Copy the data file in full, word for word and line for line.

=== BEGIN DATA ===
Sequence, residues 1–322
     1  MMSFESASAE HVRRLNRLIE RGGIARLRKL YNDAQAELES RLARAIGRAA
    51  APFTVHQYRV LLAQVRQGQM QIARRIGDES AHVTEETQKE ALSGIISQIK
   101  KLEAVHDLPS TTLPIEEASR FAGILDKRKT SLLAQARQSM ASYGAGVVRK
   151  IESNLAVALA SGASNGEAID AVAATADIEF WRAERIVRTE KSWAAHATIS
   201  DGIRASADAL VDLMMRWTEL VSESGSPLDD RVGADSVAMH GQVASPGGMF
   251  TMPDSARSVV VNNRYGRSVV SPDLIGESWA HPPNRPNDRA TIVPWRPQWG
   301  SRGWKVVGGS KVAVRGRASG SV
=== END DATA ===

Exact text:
Sequence, residues 1–322
     1  MMSFESASAE HVRRLNRLIE RGGIARLRKL YNDAQAELES RLARAIGRAA
    51  APFTVHQYRV LLAQVRQGQM QIARRIGDES AHVTEETQKE ALSGIISQIK
   101  KLEAVHDLPS TTLPIEEASR FAGILDKRKT SLLAQARQSM ASYGAGVVRK
   151  IESNLAVALA SGASNGEAID AVAATADIEF WRAERIVRTE KSWAAHATIS
   201  DGIRASADAL VDLMMRWTEL VSESGSPLDD RVGADSVAMH GQVASPGGMF
   251  TMPDSARSVV VNNRYGRSVV SPDLIGESWA HPPNRPNDRA TIVPWRPQWG
   301  SRGWKVVGGS KVAVRGRASG SV